How is the state monitoring compliance with the mandates on staff vaccines and masks for students?

Superintendent of Public Instruction Chris Reykdal announced this summer that districts that don’t enforce the state’s COVID-19 mandates for masks for all and vaccines for staff would be in violation of state law, risking their state funding.

To enforce the vaccine mandate, the state will collect data from school districts on the number and percentages of their employees who have provided proof of full vaccination or who have obtained a medical or religious exemption, OSPI spokesperson Katy Payne said in an email.

Why don’t all Washington districts offer remote learning? Can I still enroll my student in a remote school?

Starting in April, Washington schools were required to offer in-person learning to all students after many districts had spent 12 months with remote learning.

Districts were not required to continue to offer remote learning for the 2021-22 school year. Many of them discontinued virtual learning at some or every grade level, citing a lack of family interest.

However, for a family now seeking that alternative, it’s not too late to enroll in a public virtual school, although a family may have to request a transfer outside of their district. Most public virtual schools offered in Washington state are run by for-profit companies that have contracts with school districts. But because they are public schools, they are offered tuition-free for families.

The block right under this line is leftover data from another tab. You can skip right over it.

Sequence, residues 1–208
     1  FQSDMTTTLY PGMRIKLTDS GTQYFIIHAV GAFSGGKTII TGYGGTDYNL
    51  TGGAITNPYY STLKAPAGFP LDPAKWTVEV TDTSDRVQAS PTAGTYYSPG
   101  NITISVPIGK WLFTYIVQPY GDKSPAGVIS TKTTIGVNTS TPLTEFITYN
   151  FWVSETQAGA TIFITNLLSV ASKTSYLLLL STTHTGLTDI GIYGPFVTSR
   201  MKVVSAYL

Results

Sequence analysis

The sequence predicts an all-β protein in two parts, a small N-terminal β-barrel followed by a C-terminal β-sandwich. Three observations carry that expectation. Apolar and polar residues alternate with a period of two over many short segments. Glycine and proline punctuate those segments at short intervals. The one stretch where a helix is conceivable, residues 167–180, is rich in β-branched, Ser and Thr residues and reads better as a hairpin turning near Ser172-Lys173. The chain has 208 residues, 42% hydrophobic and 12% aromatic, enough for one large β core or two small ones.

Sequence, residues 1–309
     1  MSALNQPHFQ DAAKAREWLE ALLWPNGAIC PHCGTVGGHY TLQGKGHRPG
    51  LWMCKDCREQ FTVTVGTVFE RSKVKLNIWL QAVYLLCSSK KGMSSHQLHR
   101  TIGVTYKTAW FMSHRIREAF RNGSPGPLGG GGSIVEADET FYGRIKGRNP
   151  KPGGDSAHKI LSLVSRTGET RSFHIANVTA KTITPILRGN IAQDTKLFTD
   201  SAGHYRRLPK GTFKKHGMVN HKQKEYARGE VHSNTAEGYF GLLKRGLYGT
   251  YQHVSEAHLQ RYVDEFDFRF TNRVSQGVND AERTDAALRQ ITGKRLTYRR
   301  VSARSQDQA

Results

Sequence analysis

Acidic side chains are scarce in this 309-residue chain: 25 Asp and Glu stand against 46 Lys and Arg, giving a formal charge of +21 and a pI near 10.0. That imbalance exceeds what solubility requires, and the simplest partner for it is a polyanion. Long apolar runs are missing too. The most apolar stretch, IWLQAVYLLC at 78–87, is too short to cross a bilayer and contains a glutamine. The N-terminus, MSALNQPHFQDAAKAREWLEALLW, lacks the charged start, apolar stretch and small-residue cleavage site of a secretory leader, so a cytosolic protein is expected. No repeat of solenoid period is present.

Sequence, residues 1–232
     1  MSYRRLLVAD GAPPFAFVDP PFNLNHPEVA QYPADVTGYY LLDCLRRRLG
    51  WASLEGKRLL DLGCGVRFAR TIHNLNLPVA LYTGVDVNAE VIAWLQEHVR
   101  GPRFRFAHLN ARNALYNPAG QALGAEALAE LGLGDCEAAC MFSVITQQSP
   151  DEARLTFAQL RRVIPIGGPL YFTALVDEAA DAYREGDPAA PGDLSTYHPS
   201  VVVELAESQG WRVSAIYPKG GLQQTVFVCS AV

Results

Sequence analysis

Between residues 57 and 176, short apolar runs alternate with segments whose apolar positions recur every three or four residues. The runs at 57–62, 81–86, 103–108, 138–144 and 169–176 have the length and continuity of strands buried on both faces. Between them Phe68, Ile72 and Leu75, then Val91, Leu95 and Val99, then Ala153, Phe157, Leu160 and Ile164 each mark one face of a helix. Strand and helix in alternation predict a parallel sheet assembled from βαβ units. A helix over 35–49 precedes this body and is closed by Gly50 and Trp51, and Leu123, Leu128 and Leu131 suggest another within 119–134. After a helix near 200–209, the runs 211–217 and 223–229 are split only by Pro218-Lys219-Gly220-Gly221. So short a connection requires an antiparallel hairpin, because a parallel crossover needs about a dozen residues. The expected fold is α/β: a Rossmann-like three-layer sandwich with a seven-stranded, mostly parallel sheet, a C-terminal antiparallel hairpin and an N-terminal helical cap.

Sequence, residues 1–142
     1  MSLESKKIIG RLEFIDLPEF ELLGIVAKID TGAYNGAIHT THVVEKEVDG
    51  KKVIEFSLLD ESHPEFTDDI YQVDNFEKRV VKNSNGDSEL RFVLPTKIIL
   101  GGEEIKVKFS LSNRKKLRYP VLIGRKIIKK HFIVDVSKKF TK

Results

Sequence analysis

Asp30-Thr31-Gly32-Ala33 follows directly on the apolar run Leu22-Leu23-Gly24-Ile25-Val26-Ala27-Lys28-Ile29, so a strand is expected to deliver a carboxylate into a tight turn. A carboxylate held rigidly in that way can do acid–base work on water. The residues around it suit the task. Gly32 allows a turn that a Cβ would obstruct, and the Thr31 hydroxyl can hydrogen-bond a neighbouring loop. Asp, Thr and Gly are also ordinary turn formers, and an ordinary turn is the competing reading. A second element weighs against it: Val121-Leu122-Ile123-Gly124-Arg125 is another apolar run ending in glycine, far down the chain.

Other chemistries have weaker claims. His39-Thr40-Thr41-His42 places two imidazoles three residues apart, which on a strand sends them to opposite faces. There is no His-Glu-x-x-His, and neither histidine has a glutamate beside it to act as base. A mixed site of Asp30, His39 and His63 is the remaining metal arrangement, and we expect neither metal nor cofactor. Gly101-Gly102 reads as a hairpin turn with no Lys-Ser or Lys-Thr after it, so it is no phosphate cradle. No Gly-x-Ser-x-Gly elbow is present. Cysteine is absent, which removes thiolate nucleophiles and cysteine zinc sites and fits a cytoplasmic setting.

If I want to pull my child out of school and home school this year, how do I do that?

Some parents might be thinking of home school — that is, becoming the main instructors of their child’s academic subjects — as an alternative to in-person learning. The state Office of Superintendent of Public Instruction requires parents who want to home-school their children to file a form within two weeks of the start of the semester or quarter. The OSPI has a page full of resources on home-schooling, including how to measure a student’s academic progress at home, how much supervision a parent who is teaching would need and the family’s record-keeping responsibilities if a student returns to a more traditional public or private school.